Only 45 days after a town in Australia endured the outbreak of a devastating coal mine fire, the environmental non-profit organization Environment Victoria has claimed that the government's cleanup proceedings have been put to a halt. While the Victorian government has assured citizens that efforts have not been ceased, local residents of Morwell have begun to stage a protest outside a coal industry conference in Melbourne.
Environment Victoria has expressed resentment toward the government's handling of the aftermath of the fire due toward the recent announcement of a $90 million in federal grants being awarded toward new Latrobe Valley coal projects.
The coal mine fire erupted at a Hazelwood power station in Latrobe Valley, Victoria on February 9, when two brushfires spread out into a brown coal mine, resulting in a vast amount of acrid smoke covering the city of Morwell. Currently, more than 540 Morwell homes have received cleaning for ash buildup, while there is still further progress to be achieved.
Along with Environment Victoria, the protests are being administered by another local community activism group called Voices of the Valley. Simon Ellis, a spokesperson for Voices of the Valley, condemned the government's approval of additional coal mine funding, expressing that residents of Morwell should be outraged by the lack of the proposed $90 million being put toward cleaning up the fire's aftermath.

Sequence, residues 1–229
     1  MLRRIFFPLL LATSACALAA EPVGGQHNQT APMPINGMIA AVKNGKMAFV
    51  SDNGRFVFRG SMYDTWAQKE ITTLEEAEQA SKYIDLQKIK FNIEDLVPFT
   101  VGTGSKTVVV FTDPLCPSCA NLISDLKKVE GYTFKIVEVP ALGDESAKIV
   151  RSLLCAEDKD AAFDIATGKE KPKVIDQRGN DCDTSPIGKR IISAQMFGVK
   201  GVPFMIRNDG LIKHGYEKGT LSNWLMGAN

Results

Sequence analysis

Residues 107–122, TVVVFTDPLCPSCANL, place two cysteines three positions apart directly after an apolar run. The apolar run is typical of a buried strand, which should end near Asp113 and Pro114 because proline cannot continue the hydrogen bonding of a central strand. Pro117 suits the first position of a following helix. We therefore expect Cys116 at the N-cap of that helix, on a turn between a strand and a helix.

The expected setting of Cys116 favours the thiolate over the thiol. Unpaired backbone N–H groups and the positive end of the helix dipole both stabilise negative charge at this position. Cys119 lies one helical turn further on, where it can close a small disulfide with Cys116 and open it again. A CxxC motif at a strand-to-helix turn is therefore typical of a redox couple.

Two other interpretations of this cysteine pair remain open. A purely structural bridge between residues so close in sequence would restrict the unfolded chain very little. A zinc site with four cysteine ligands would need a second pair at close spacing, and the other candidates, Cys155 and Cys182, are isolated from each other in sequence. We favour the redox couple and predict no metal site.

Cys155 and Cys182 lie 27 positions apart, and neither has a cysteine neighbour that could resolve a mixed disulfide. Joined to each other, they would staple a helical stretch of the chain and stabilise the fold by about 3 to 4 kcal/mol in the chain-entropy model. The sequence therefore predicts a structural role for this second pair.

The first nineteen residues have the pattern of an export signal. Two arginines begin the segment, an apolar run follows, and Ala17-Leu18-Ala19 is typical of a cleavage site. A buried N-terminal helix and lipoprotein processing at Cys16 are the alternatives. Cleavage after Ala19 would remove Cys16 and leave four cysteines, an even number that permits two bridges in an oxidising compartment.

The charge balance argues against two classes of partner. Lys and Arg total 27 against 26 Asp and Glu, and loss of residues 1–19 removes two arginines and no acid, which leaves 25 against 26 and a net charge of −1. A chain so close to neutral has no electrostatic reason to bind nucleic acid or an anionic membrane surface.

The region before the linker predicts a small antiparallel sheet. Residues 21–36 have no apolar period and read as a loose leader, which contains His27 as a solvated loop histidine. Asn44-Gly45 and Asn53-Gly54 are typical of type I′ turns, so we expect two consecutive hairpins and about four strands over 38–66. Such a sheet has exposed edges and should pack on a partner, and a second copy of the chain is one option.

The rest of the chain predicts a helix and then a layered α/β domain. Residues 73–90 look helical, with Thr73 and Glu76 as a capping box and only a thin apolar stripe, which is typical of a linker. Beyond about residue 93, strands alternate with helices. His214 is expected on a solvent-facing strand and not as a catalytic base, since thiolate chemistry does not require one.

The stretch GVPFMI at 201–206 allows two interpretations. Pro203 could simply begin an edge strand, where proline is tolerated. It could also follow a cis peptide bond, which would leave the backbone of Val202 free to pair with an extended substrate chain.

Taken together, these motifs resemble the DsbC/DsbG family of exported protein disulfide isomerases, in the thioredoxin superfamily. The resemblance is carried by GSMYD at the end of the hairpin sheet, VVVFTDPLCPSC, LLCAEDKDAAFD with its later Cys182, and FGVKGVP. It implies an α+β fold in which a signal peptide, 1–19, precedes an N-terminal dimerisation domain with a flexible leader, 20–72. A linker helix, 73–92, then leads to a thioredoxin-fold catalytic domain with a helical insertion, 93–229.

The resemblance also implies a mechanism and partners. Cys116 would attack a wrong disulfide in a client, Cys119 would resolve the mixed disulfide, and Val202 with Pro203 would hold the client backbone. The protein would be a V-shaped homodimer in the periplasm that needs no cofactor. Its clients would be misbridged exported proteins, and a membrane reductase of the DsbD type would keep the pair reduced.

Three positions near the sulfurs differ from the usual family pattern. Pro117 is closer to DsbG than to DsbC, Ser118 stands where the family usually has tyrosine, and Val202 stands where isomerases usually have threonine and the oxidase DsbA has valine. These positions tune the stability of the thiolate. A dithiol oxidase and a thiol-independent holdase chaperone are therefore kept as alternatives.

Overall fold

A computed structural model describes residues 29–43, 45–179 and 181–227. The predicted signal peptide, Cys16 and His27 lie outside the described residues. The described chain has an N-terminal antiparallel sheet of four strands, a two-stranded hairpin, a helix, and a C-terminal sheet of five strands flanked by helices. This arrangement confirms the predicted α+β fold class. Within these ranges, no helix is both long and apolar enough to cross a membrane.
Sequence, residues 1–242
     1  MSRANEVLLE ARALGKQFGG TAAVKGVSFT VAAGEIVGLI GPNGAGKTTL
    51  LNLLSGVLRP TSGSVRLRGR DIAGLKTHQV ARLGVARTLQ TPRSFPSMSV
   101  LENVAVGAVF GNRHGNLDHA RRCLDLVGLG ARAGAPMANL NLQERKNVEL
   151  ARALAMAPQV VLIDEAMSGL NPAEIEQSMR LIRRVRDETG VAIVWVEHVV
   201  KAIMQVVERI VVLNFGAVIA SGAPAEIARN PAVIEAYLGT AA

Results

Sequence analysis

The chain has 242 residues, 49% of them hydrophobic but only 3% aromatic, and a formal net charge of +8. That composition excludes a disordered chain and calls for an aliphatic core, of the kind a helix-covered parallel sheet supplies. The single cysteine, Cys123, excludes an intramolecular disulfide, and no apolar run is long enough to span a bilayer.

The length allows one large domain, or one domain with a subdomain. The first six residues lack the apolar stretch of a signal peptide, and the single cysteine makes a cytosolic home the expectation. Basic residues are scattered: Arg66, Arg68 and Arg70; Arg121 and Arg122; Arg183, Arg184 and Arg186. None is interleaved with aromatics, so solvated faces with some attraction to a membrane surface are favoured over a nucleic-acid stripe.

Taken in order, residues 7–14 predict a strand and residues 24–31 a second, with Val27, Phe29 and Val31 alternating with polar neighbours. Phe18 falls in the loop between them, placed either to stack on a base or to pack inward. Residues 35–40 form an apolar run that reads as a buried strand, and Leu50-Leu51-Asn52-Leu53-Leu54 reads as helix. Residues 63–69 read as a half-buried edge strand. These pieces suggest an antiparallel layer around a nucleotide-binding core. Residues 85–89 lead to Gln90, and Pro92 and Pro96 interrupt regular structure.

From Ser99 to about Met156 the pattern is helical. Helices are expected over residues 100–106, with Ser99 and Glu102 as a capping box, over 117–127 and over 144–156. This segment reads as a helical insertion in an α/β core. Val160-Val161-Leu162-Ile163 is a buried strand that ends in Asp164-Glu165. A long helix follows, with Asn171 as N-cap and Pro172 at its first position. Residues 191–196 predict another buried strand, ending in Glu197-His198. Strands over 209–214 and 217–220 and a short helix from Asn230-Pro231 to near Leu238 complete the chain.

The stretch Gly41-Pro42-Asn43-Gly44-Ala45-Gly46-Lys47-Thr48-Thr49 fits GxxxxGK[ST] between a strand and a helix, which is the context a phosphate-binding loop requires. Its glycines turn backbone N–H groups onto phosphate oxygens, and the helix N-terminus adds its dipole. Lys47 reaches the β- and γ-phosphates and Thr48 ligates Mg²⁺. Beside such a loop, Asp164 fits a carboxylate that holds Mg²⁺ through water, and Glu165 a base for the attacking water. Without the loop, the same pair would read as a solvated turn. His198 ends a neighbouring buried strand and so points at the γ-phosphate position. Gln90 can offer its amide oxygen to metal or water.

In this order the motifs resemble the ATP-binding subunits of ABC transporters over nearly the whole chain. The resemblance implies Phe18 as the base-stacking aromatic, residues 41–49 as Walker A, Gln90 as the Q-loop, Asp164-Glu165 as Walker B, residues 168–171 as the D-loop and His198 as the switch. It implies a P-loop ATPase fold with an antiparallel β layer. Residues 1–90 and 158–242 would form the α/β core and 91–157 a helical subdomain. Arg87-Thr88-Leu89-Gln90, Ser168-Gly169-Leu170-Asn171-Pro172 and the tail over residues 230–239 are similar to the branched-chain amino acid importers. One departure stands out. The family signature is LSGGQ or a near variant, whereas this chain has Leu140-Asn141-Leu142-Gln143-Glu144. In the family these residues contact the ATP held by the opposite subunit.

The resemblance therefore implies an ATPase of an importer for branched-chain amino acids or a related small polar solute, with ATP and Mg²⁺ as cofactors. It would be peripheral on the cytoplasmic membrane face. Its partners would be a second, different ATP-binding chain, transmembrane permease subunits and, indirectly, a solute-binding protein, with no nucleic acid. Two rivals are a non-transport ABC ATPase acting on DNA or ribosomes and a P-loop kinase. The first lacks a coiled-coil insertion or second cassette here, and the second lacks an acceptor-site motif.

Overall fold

"The $2 million in support announced by the Napthine Government has already been used, but the clean-up isn't close to being finished," Ellis said. "The $90 million should be used to help the residents who have suffered in this disaster, not the coal industry. It would be an insult to Latrobe Valley residents if the State and Federal Government's first significant response to the Hazelwood fire was to fund new coal mines and technologies."
Preparing for the worst
One of the important aspects of performing efficient predictive maintenance is being able to be ready for any circumstance, even if it is an element that is out of the company's control. Being prepared for how a natural disaster could affect equipment is all a part of proper preventive predictive maintenance, and should be practiced by all power and energy corporations.